Market commentary Real estate and stock market volatility

What does the recent market volatility mean for private commercial real estate? Read our analysis to find out.

21 Feb 2018

As February 2018 gets its start, the world equity markets are producing headlines like "volatility spike" and "mini-crash." Stock market volatility, which was extremely low throughout 2017, rose dramatically with a global decline of 2% to 5% in various equity markets. The resulting flight to safety moved sovereign rates down slightly after a long run up.

What does this shocking outcome mean for private commercial real estate? –
Nothing yet.

Stock and bond volatility sometimes reflect major changes in fundamental pricing and on some occasions adjustments that last for years. Many times, however, short-term trends in these freely traded markets are reversed without a hint of change in private markets. Which event is the current case? Many pundits will answer with full conviction but only time will tell.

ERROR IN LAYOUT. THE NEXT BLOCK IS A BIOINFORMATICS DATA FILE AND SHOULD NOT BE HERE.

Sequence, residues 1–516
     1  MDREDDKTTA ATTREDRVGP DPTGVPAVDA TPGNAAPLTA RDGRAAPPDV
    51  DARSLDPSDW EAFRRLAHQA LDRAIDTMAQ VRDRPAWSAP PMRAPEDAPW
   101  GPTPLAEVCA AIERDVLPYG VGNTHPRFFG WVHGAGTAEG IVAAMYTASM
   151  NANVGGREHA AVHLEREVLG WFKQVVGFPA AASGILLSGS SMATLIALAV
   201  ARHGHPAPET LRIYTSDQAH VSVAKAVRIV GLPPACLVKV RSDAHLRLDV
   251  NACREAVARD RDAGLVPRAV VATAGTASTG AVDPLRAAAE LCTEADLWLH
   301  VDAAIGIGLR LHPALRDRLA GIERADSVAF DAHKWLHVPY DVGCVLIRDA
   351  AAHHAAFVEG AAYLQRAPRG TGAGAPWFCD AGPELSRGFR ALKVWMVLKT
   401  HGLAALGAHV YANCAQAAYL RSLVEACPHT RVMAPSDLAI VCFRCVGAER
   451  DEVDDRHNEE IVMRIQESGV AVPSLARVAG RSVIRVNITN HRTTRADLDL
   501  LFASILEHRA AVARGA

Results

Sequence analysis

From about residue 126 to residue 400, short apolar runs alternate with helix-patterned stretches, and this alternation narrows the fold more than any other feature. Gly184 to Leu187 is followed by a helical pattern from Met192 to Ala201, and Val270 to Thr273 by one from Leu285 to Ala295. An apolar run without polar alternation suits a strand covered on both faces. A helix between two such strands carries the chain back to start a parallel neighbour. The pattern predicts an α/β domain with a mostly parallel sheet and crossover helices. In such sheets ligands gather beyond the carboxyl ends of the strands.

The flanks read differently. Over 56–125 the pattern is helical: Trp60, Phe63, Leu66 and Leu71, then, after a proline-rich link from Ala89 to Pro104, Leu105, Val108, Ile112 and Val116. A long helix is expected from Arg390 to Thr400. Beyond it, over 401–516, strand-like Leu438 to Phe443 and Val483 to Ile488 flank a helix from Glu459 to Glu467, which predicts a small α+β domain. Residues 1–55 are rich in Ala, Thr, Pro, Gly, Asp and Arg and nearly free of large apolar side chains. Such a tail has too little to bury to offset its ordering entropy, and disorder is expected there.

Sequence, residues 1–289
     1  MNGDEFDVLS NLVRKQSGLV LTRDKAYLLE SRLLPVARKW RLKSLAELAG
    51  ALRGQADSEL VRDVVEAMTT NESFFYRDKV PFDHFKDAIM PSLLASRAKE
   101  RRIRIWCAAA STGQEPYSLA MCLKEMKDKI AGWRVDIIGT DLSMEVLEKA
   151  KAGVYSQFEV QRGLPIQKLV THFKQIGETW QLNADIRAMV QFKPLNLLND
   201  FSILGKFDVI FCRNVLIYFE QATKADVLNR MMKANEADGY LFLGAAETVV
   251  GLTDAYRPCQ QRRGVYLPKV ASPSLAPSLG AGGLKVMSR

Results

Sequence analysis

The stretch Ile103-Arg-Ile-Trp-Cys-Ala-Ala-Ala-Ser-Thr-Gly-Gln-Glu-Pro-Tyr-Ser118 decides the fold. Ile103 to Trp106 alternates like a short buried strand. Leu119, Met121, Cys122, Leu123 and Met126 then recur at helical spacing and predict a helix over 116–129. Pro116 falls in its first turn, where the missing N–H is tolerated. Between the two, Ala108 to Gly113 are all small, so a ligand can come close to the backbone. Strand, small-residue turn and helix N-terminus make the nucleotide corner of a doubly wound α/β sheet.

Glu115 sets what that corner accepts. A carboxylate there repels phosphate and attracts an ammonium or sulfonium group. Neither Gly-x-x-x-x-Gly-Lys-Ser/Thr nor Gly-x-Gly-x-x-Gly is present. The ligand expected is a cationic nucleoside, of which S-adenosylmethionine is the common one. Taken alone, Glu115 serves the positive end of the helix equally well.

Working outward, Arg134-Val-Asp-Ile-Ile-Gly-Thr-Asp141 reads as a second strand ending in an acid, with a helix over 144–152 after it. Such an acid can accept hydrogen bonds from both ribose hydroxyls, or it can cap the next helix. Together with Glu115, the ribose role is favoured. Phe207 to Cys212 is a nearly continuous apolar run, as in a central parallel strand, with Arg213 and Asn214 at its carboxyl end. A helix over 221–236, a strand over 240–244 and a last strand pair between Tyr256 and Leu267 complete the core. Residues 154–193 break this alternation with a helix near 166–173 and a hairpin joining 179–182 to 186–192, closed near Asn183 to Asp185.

During 2008, equity markets moved violently in response to the credit crisis and all asset values fell over the coming year, taking several years to recover. During 2013, US Treasury rates spiked up 100 basis points over a month's time, only to quickly recede back to the beginning rates over the following months.

During this event, private markets did not miss a step in continued yield decline (rising prices). Without fortune telling skills or a crystal ball, only the passage of time will reveal the basis of the current event. However, it feels much more like the 2013 situation than the 2008 situation.

The volume of trade during the recent sell-off appears to be retail and programmatic in nature. Thus, this is the result of technical trading, rather than a shift in fundamental expectations. In the short-term, institutional investors are known to hold positions to avoid volatility-trading losses. Investors tend to move with the market. On the other hand, speculators think they can take advantage of the market volatility by employing their specialized knowledge if they indeed possess it.

"Investors hold the market to minimize volatility effects. Speculators increase trading during high volatility to maximize its effects."

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